Slow Listener countered with terse analogue crackling and dark monosynth grumblings that evolved over quite long durations compared to the evening’s previous musicians and suited Alexander Wendt’s somewhat austere material extremely well. Solo, Slow Listener’s drones kicked up into a more brusque and eager gear until he abandoned all his electronics completely and finished his performance by coming out from behind his table armed only with an unamplified bowed cymbal.
photograph of Duncan Harrison's equipment by Paul Khimasia Morgan.
Monday, 21 November 2011
The band was formed to create the kind of music and soundscapes that its members wanted to hear, but seldom could. The Mariners’ music can be categorised as electro-acoustic, acousmatic total-Improv, concerned primarily with colour, texture and dynamics, spontaneous interaction, and the organic, unpredictable evolution of each performance. Their improvisations start from scratch: the players never rehearse in the sense of working on a piece until it evolves into something “presentable”. In the studio they reject editing, over-dubbing and re-mixing: if a performance is not working, it will be abandoned, and the duo will move on to a new improvisation. Accidents are part of the adventure: they do not consider this approach as foisting unfinished “product” on the audience, but as an invitation to their listeners to join them on a journey of discovery.
An improvisation by the duo may incorporate hypnotic, densely-textured, multi-layered constructs, evanescent drifts of colour and insubstantial texture, mysterious and ambiguous sonorities, eruptions of viscera-endangering industrial noise, compulsive dance beats evoking music from the remotest reaches of the globe, or, often, all of these simultaneously.
Although they arrived at it from somewhat different directions, the two Mariners share a vision, and have a common admiration for musique concrete & electronic music pioneers like Pierre Schaeffer, Luc Ferrari, Pierre Henry, Delia Derbyshire, Daphne Oram and the great Tonmeister, Stockhausen.
Michael Fairfax is a sculptor and designer who studied under the tutelage of his grandfather, Ernest Berk, a pioneer of musique concrete, cutting and splicing recorded tape, toying with oscillators and generally playing around with sound. During his career as a public artist he created a number of sound-works using computer technology, before embarking on adventures in music in its own right, firstly with Tapes+Ashes and now with Gimlet-Eyed Mariners. The exploitation of sound as an improvised unit gives him the space and expansiveness that is the antithesis of public art.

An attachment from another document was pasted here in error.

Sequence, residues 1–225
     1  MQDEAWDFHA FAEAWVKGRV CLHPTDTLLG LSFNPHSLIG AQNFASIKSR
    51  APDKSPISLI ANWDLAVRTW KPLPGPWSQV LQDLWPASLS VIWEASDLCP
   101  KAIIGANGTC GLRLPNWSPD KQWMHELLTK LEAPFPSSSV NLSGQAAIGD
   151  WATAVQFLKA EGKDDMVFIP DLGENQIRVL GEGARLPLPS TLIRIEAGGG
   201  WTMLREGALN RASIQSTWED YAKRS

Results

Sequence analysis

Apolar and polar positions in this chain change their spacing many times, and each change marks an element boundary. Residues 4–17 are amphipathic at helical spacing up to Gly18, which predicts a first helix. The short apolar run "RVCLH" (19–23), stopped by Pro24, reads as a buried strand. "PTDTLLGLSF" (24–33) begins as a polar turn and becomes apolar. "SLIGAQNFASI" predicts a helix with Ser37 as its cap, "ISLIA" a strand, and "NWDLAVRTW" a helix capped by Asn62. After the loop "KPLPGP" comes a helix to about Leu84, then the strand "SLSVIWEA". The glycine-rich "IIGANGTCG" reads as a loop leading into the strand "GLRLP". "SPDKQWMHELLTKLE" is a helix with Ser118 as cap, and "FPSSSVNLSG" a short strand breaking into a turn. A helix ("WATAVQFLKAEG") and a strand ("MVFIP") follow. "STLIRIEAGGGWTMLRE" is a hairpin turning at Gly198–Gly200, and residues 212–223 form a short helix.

Barry Witherden was also a member of Tapes+Ashes, and began tinkering with low-tech, tape-based collages when, in his late teens, he discovered Schaeffer and Henri. He is a freelance music journalist currently writing for The Wire, Jazz Journal and BBC Music, and has been a regular contributor to Jazz Review, The Gramophone and Classic CD. His writing has also been included in The Wire Primers: A Guide to Modern Music, The Rough Guide to Classical Music and The Guinness Who’s Who of Jazz. His inspirations include Morton Feldman, the early process/systems pieces of Steve Reich and the work of Chicago’s Association for the Advancement of Creative Musicians.
© Barry Witherden, July 2011
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Friday, 11 November 2011
Last friday, the 4th of november 2011, i blundered into the Green Door Store under Brighton Station in a state of post-work bewilderment to witness some amazing acoustic quiet improv courtesy of Diatribes.
This was the final night on a seven date uk tour for this grouping under the Diatribes moniker, (Cyril Bondi & d'incise being the lynchpins), featuring cellist Hannah Marshall, double bassist Dom Lash and percussionist Patrick Farmer.
The decision to perform acoustically was to prove an exceptionally good one as each player's output was equally discernable with no-one overpowering anyone else and i'm guessing making it easy for all players to listen to each other effectively. The audience very quickly settled into a quiet and very attentive state after loud, dense amplified sets from supports Bela Emerson and Noteherder & McCloud who utilized the venue's powerful PA system.
If i had to point out my particular favourite elements of Diatribes' improvisation, i would have to say i enjoyed witnessing Dom Lash's deliberate and fascinating bass playing for the first time, having heard him on just a handful of his substantial recorded output. Cyril Bondi, to whom i stood the closest, employed a large selection of tiny metal bells, chimes and cymbals, applying them to the head of his single large tom drum which sat neatly on a side table in readiness, and of course its always a joy to see the spectacle of Patrick Farmer who abused a pair of small hi-fi turntables by way of striking and dropping them, rubbing them with styrofoam, and even upending a cup of tiny stones, (perhaps filched from the beach earlier in the day?), from an upstretched hand. Beautiful, beautiful...
Bela Emerson produced a pair of dense, bucolic cello improvisations and Noteherder & McCloud wove a tapestry of drone electronics and extended saxophone technique including some guttural voicings through the sax in a kind of growling circular breathing attempt, nicely.
Thanks to Club Zygotic for putting this excellent show together.